“We need to transform institutions,” Volkov, who is coordinating the response to Navalny’s arrest from the relative safety of Lithuania, said in a telephone interview. “We have long understood perfectly well that small changes to the system from within are not possible.”
In 2017, Navalny released a video report about the hidden wealth of Dmitry Medvedev, the prime minister at the time. Overruling his aides’ skepticism over whether those who watched the video would take to the streets, he called for protests, and thousands rallied in more than 100 cities.
The Kremlin tried its best to muzzle Navalny through constant harassment, but it never entirely squelched him — both to avoid making a martyr of him and to provide a way for society’s discontents to blow off some steam. That approach already seems to have been discarded in favor of greater repression; state television, which long mostly ignored Navalny, now dedicates lengthy reports to painting him as an agent of the West.
Besides the 2014 conviction for embezzlement, Navalny endured many smaller humiliations, Albats, the radio host, recalls: among them ubiquitous, privacy-destroying surveillance and the gratuitous cruelty of confiscating his daughter’s beloved iPad. She said that the support, endurance and conviction of his wife, Yulia B. Navalnaya, kept him going. And his fight against Putin became ever more personal.
“He had this choice: stay in politics, and keep creating trouble for his family, his brother’s family, his parents,” Albats said. “Of course, it leads to the hardening of your heart.”
The authorities barred him from running in the 2018 presidential election, but he still crisscrossed the country, opening more than 80 regional offices and agitating for a boycott of an election he saw as rigged to give Putin a fourth term. He organized nationwide protests and poll-watching efforts, and built up an investigative team that pored through public records and social media to document the questionable dealings of the Russian elite.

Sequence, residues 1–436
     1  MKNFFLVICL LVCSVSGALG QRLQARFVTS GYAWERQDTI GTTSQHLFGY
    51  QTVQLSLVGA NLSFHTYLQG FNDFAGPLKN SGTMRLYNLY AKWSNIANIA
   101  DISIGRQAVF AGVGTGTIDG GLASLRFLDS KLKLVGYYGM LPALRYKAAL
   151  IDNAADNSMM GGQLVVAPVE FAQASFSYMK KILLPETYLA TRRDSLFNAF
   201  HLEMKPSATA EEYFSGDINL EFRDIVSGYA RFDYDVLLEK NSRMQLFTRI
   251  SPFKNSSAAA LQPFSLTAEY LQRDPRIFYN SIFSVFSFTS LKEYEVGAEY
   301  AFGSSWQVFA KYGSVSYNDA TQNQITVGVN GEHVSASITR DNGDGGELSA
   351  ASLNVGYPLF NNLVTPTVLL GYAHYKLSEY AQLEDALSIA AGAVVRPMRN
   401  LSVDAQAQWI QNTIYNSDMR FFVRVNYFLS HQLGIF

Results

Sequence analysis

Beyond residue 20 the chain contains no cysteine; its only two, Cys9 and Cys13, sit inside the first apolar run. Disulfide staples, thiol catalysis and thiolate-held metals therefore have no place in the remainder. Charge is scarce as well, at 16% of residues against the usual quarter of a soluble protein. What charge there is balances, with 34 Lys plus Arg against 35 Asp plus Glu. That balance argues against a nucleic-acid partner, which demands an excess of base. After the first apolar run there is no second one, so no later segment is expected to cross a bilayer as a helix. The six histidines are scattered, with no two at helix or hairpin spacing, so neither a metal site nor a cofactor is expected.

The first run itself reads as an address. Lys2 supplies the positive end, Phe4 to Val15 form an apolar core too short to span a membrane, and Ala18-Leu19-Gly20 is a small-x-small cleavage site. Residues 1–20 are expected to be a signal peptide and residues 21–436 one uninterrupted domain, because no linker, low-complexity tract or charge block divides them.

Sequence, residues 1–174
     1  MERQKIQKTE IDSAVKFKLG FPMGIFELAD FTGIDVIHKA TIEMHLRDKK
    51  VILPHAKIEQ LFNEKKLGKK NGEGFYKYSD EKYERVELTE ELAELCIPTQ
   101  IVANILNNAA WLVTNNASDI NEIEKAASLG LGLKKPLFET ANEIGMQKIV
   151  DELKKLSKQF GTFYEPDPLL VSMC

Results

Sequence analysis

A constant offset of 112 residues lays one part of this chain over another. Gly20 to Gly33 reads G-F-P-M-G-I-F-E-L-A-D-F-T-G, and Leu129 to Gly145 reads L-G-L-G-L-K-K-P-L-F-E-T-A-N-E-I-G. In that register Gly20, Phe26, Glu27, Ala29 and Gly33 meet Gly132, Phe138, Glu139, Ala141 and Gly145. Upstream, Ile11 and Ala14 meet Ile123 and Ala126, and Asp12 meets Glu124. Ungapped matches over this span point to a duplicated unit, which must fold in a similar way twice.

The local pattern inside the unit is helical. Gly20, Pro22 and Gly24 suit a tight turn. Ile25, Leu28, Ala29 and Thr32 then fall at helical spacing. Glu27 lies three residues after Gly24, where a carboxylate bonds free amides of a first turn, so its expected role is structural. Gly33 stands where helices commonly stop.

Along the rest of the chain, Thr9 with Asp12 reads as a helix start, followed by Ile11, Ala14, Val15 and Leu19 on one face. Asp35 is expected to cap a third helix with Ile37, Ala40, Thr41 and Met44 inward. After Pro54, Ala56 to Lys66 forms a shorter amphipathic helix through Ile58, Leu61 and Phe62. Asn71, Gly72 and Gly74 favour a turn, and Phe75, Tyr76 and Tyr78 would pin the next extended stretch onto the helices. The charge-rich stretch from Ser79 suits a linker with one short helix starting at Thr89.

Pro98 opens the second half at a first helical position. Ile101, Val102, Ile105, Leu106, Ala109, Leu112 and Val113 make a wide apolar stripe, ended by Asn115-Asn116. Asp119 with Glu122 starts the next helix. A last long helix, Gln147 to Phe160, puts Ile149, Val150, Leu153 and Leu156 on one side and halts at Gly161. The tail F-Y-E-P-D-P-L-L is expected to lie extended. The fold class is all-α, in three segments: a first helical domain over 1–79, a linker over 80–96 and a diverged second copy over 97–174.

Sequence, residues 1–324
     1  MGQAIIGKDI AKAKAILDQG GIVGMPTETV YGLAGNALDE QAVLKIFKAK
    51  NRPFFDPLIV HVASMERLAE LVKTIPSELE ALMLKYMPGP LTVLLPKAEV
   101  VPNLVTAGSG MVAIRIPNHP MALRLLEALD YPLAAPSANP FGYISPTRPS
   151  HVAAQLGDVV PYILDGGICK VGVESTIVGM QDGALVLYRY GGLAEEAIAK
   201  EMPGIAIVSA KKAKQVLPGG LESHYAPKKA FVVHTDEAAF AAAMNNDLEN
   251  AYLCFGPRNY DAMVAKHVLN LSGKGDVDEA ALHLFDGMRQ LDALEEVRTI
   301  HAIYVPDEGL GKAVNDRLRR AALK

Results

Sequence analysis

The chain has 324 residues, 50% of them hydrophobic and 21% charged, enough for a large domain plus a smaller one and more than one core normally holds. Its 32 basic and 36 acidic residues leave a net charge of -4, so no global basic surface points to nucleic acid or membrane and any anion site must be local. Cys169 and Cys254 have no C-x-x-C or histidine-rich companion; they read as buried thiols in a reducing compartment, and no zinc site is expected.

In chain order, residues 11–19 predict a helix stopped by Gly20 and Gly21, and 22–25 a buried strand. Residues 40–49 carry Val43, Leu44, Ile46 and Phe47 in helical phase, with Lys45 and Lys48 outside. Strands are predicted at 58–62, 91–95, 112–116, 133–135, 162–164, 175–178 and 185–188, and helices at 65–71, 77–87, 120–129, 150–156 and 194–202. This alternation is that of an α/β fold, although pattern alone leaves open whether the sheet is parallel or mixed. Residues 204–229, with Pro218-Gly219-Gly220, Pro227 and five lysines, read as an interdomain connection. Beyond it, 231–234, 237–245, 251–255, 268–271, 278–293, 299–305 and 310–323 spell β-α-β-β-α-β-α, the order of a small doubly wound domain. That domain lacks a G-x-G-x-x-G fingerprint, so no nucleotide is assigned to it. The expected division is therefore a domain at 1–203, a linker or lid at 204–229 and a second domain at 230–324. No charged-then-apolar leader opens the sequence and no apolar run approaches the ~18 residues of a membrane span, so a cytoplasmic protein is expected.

“The strategy is this: This is a personalized regime rooted in Putin’s popularity,” Guriev, the economist close to Navalny, said of that approach. “That is why Putin’s rating needs to be destroyed.”
Putin had been riding high in opinion polls since the annexation of Crimea in 2014. But around mid-2018, the government raised the retirement age by as much as eight years, and incomes were dropping when adjusted for inflation. Amid the coronavirus lockdown last spring, public discontent spread even more.
Navalny and his allies believed the stage was being set for the sort of upheaval they had long been preparing for. Last summer, mass protests gripped neighboring Belarus as well as Russia’s Far East, pointing to growing risks for Putin.
Then, in August, Navalny collapsed on a flight over Siberia, screaming in pain. Western laboratories later determined that he had been poisoned by a military-grade nerve agent — Putin denies any involvement — and survived thanks to the pilots who made an emergency landing and the medical workers who first treated him in the city of Omsk.
He was airlifted to Germany for treatment. Soon after coming out of a coma, he reengaged with the world’s political debates. He slammed Twitter’s decision to silence then-President Donald Trump’s account as an “unacceptable act of censorship.”
And in recent weeks, Navalny has done his best to exude optimism.
“Everything will be OK,” Albats said he wrote to her from jail. “And even if it won’t be, we will console ourselves with the knowledge that we were honest people.”